News archive 2005

Ordination of Patrick Donnelly for the Diocese of Meath

PRESS RELEASE

10 JUNE 2005

ORDINATION OF PATRICK DONNELLY FOR THE DIOCESE MEATH

ON SUNDAY 12 JUNE 2005

 
On Sunday afternoon at 3pm, Patrick Donnelly (Mullingar) will be ordained
a priest by Bishop Michael Smith in the Cathedral of Christ the King,
Mullingar.

Patrick is the son of Kathleen and Paddy Donnelly, eldest brother of Louise and Mark.

Patrick entered the seminary (Saint Patrick’s College, Maynooth) in 1998
with 25 other students, including three others from the Diocese of Meath.  
Six months ago, Bishop Smith celebrated another ordination in Mullingar
(Father Padraig Corcoran – December 2004), while a third young man (Shane
Crombie) is due to be ordained a priest for the Diocese of Meath in September.

Patrick will celebrate his first Mass at the Cathedral of Christ the King,
Mullingar on Monday 13 June at 7:30pm, after which there will be a reception
for all in the Parish Community Centre.

Ends
Further information:
Martin Long Director of Communications (086 172 7678)
Brenda Drumm Communications Officer (087 233 7797)
 
Notes to Editors:
* Bishop Smith will issue a brief statement to mark the occasion on Saturday 11 June
Bishop Michael Smith and Rev. Patrick Donnelly can be contacted via Fr Paul Crosbie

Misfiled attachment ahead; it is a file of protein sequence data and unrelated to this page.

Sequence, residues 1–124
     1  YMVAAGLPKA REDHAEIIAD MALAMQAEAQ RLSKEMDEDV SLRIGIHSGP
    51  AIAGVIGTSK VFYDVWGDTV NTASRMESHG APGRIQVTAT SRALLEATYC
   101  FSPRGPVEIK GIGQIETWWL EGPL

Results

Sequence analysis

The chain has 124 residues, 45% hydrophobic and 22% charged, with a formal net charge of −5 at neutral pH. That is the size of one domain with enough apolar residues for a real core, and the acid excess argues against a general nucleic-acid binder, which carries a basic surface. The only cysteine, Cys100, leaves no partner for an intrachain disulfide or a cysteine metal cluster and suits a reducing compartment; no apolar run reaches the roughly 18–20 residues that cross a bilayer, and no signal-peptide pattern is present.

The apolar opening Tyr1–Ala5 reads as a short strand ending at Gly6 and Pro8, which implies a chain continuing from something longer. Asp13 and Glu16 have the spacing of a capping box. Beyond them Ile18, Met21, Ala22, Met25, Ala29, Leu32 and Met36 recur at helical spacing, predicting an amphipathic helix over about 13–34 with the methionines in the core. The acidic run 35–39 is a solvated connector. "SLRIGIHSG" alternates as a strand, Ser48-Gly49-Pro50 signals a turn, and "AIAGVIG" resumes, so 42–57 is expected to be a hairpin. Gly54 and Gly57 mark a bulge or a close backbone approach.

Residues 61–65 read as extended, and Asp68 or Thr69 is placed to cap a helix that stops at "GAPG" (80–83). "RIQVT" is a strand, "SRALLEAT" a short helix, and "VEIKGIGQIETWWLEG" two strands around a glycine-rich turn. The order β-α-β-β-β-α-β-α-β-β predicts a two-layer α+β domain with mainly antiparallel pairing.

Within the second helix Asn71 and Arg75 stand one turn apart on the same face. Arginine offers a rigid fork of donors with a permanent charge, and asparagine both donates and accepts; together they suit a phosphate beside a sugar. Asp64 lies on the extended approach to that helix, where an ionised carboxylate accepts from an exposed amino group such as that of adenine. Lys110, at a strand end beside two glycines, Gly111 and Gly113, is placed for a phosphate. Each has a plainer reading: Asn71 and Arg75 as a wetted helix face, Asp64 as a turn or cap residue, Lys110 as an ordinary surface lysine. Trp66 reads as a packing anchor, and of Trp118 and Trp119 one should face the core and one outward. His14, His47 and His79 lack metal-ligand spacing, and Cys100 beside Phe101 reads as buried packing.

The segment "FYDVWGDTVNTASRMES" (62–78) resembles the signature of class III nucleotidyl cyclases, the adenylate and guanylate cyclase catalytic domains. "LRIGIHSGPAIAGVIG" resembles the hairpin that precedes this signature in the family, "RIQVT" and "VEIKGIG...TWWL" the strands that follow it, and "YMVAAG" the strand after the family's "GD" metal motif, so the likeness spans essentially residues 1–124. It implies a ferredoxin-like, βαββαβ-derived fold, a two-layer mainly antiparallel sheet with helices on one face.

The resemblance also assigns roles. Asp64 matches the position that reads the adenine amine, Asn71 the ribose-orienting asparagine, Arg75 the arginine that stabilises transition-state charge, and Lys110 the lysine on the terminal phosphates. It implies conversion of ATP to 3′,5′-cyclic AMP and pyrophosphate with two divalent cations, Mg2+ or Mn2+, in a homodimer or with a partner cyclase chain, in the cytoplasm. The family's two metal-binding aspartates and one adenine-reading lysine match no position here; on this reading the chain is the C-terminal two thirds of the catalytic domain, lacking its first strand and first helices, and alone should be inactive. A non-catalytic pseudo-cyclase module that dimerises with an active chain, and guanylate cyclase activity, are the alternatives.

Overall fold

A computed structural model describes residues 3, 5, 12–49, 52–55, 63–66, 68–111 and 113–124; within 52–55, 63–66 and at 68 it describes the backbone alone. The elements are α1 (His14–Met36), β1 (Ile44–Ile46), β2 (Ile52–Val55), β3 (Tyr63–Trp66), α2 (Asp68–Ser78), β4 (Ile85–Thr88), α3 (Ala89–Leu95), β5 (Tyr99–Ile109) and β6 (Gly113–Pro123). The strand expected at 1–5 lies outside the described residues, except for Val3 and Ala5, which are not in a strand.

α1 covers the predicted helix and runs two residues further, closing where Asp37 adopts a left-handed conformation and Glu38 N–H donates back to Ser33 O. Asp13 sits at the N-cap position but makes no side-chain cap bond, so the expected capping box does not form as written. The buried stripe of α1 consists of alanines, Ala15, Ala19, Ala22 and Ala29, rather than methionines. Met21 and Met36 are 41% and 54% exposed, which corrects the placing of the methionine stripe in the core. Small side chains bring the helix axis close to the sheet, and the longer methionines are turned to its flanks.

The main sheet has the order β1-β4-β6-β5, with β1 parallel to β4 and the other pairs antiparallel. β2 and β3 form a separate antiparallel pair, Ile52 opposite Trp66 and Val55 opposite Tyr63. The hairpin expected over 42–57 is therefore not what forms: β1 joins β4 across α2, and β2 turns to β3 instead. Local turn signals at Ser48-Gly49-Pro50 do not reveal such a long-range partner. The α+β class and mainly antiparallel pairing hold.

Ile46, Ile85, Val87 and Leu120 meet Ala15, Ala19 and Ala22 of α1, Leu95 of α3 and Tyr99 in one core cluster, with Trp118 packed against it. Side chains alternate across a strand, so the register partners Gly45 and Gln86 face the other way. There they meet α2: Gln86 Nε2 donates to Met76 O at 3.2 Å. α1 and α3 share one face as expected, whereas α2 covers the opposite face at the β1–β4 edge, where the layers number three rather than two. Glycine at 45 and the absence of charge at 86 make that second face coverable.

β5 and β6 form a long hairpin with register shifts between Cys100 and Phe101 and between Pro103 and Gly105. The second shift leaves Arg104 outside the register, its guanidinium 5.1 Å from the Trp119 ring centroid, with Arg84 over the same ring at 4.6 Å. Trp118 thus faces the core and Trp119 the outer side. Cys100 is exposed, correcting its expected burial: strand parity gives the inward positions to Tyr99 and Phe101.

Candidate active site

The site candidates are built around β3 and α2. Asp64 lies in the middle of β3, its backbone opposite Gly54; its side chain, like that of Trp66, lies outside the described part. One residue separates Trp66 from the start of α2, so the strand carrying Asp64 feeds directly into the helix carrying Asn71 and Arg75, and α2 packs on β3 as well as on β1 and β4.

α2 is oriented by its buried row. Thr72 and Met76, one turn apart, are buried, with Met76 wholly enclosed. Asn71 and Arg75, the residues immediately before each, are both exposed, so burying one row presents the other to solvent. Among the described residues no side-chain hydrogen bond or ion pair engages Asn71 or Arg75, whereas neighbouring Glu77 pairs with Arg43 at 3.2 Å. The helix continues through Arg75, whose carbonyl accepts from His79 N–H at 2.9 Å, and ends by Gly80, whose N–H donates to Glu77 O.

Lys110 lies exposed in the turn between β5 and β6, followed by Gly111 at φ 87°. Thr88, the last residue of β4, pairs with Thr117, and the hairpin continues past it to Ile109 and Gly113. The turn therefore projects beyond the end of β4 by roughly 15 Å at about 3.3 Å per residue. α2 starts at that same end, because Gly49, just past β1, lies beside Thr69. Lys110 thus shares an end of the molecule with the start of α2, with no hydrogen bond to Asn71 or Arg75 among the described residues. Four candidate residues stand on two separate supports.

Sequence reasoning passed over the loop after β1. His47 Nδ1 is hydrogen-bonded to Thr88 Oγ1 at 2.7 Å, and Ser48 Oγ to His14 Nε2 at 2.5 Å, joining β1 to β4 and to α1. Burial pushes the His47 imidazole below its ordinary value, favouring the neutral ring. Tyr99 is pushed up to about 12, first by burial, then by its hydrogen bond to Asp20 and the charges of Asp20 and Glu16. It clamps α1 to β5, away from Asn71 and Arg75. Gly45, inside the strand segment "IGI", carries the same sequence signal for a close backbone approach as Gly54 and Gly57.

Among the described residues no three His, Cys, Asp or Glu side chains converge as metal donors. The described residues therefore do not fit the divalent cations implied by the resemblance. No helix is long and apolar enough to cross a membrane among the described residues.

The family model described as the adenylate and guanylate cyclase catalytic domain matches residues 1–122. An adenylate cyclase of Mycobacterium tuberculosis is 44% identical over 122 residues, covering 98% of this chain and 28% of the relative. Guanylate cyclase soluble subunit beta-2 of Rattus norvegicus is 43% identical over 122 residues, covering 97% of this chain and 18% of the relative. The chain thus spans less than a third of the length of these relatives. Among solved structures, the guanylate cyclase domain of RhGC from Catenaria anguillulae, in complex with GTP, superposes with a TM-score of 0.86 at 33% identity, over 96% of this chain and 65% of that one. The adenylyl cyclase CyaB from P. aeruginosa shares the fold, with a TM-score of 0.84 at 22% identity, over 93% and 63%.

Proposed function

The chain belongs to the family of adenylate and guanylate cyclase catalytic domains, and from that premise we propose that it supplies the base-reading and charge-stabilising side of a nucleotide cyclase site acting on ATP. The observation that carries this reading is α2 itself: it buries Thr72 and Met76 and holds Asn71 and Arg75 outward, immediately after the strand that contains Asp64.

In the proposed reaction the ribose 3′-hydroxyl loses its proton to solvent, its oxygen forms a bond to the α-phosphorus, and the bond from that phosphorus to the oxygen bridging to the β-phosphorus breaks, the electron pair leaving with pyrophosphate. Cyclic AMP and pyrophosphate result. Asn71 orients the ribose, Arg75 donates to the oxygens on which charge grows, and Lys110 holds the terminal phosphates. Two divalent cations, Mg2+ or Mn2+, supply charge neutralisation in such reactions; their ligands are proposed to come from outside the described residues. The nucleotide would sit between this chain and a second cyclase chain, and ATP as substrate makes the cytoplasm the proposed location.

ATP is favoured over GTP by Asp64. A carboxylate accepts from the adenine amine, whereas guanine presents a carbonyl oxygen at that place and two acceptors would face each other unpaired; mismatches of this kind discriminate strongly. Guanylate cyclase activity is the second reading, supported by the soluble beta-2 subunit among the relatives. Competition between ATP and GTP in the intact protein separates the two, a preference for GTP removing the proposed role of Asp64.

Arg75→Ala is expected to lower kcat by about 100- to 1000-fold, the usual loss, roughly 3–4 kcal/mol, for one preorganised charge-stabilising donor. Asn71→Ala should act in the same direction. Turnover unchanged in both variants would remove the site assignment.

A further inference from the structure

on 044 48338 and 087 9299 388

* A photograph of Patrick is available on request from the Catholic Communications
Office. There will be an opportunity for photographers at the ordination on Sunday
if they contact Cathedral House, Mullingar (044 4833)

* Attached below is an article of significant human interest which appeared in
this week’s Westmeath Examiner, written by Eilis Ryan (Deputy Editor).  

* There will be a total of 8 students ordained from St Patrick’s College, Maynooth
this year and a further four from the Pontifical Irish College in Rome. Ten of
these new priests are being ordained for Irish dioceses (the others are being
ordained for Mostar and Acireale (Sicily).
 
A thoroughly typical young man – but with a special vocation

Report: Eilís Ryan
Deputy editor, Westmeath Examiner

He has a discman – with Coldplay currently in it – a mobile phone, and that
wonderful fresh-faced complexion of healthy Irish young adulthood.